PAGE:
What we do
What we do
Security touches on many aspects of the way we live and are governed. The OSCE's comprehensive view of security covers three “dimensions”: the politico-military; the economic and environmental; and the human. The OSCE's activities cover all three of these areas, from "hard" security issues such as conflict prevention to fostering economic development, ensuring the sustainable use of natural resources, and promoting the full respect of human rights and fundamental freedoms.
The end of the Cold War resulted in a huge amount of surplus weapons becoming available illegally. The OSCE, through its field operations, helps to stop the spread of such weapons and offers assistance with their destruction. The Forum for Security Co-operation, which is the main OSCE body dealing with politico-military aspects of security, contributes to these efforts by developing documents regulating transfers of conventional arms and establishing principles governing non-proliferation.
The OSCE seeks to enhance border security while facilitating legitimate travel and commerce, protecting human rights and promoting human contacts. The OSCE Border Management Staff College in Dushanbe, Tajikistan, trains border officers from OSCE participating States and Partners for Co-operation, including Afghanistan, and promotes cross-border co-operation in the Central Asian region.
Human trafficking affects virtually all OSCE states, either as countries of origin or destination. This modern form of slavery is an affront to human dignity, often involving psychological terror and physical violence. Human trafficking engages issues of human rights and rule of law, of law enforcement and crime control, of inequality and discrimination, of corruption, economic deprivation and migration.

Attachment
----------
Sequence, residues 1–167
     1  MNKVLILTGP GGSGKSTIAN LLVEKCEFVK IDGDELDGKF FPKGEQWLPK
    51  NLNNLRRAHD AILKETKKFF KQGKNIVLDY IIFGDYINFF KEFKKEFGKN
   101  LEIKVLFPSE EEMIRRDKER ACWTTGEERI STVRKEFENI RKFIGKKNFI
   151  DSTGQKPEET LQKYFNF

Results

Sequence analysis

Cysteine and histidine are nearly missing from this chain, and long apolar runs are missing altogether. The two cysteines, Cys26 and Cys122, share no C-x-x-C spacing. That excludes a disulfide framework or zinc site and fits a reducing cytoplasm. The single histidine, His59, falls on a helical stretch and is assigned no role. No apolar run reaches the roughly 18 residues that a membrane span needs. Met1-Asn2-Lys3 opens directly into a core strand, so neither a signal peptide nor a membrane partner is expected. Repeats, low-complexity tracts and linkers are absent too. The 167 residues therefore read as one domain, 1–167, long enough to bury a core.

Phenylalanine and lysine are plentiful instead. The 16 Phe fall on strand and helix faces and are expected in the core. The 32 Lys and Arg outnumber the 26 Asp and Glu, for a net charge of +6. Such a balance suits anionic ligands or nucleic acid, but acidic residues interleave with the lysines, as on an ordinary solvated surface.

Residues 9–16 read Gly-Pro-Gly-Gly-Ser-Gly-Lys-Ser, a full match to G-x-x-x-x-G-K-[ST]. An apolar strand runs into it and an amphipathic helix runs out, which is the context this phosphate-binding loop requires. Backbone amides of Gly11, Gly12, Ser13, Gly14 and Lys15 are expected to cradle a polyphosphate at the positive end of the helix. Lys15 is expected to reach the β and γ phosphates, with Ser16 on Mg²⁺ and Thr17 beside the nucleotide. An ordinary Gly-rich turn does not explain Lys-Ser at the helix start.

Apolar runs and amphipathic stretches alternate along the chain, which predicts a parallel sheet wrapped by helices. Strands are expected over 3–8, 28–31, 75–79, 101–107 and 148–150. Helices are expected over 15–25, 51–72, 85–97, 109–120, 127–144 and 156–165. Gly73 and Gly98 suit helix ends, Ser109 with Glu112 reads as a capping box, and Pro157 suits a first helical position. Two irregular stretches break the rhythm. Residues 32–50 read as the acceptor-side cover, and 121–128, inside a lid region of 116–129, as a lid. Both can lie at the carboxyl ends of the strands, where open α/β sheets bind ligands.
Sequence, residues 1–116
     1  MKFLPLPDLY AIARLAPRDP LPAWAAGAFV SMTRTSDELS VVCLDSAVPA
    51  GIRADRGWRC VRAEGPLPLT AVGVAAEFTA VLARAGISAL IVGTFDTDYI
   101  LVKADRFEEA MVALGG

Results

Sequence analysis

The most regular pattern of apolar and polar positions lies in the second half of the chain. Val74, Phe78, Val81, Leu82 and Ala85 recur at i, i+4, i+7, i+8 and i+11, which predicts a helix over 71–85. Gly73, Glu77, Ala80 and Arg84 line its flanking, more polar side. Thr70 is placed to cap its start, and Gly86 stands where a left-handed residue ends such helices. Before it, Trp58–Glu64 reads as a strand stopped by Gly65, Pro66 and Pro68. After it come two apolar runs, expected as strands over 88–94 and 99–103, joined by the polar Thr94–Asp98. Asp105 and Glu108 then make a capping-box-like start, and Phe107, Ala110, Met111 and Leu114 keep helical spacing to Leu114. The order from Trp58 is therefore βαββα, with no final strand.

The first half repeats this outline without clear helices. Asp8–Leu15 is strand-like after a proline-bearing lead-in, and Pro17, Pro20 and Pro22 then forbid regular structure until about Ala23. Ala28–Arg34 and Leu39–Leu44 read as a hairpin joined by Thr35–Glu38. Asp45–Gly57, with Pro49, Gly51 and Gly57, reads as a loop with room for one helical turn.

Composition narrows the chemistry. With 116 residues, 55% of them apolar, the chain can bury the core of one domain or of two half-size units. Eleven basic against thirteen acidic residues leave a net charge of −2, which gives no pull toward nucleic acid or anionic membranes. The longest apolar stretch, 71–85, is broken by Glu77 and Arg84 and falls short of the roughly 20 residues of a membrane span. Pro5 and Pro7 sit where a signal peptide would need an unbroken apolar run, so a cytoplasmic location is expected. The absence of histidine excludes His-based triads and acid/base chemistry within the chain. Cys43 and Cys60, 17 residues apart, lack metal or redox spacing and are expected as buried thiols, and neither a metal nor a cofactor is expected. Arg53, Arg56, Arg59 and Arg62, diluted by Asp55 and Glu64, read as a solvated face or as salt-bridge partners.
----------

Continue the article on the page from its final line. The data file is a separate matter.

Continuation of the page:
With its expertise in conflict prevention, crisis management and early warning, the OSCE contributes to world-wide efforts in combating terrorism. Many effective counter-terrorism measures fall into other areas in which the OSCE is active, such as police training and border monitoring. The OSCE also looks at human rights issues in relation to counter-terrorism.
The OSCE works to prevent conflicts from arising and to facilitate lasting comprehensive political settlements for existing conflicts. It also helps with the process of rehabilitation in post-conflict areas. It co-operates with representatives of the United Nations and other international organizations operating in areas of conflict.
The OSCE helps its participating States build democratic institutions; hold free, fair and transparent elections; promote gender equality; ensure respect for human rights, media freedom, minority rights and the rule of law; and promote tolerance and non-discrimination.
The OSCE undertakes numerous activities to support economic growth, including the strengthening of small- and medium-sized enterprises, monitoring the economic impact of trafficking and taking action against corruption and money laundering.
Education programmes are an integral part of the Organization's efforts in conflict prevention and post-conflict rehabilitation. The OSCE's youth projects include human rights, environmental, tolerance, and gender education as well as support for minorities in education.
Recognizing that democratic elections form the basis for legitimate government, the OSCE observes elections throughout its 57 participating States. It also provides technical assistance to improve the legislative and administrative framework for elections in specific countries. Some OSCE field operations carry out elections-related activities, including training for election commission members, media and police as well as voter education initiatives. They do not, however, take part in election observation missions in their countries of operation.